But in the meantime, Baker said vaccines are not required to safely bring students back to school, and wants to see that happen by April.
Education Commissioner Jeff Riley helped lay out the administration’s plan on Tuesday to bring elementary school students back to the classroom full time by April.
About 80 percent of districts have brought students back at least part-time, and the administration’s position is that the improved health conditions no longer justify waiting, at least for younger students.
The administration’s goal was a slam dunk. It was hard to find anyone who didn’t think children belong in a classroom and would benefit socially and academically from a return to in-person learning. The controversy remains about how to make that happen.
“The state’s plan to fully reopen most schools in the middle of the COVID-19 pandemic shows callous disregard for the health and safety of school employees, students and families and rides roughshod over the rights and interests of local communities,” said Massachusetts Teachers Association President Merrie Najimy.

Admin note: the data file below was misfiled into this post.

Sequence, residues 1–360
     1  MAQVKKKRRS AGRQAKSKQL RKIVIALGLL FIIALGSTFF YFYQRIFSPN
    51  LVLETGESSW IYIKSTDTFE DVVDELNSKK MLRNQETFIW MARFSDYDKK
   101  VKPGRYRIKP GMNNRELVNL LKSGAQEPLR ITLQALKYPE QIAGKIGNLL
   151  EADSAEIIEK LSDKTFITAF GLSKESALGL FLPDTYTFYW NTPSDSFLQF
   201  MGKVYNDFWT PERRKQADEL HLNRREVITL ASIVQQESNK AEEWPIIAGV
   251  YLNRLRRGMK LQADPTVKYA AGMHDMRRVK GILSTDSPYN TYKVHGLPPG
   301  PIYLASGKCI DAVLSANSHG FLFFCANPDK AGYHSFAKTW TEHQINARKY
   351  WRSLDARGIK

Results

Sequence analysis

And Najimy isn’t alone in thinking teachers – who are in the next group to be vaccinated — deserve even greater prioritization. House Speaker Ron Mariano amplified the issue last weekend in a television interview when he said he thought teachers should be moved “to the head of the line.”
But this week, Mariano was all about pushing through a package of legislative rules that stopped short of the transparency-driven reforms passed by the Senate that would make sure all committee votes are published online and written testimony to committees be made public upon request Rules reformers, like freshman Rep. Erika Uyterhoeven, found more support among her Republican colleagues than her fellow Democrats for matching the Senate’s proposal. But that’s actually not an unusual phenomenon when it comes to debating the rules.
While the joint House-Senate rules sparked considerable back-and-forth, there were no objections to calling off a special election for mayor of Boston this year. The House and Senate both enacted a necessary home rule petition to make that happen should Walsh resign before next Friday, as one of their own – Rep. Jon Santiago of the South End – jumped into the race for mayor.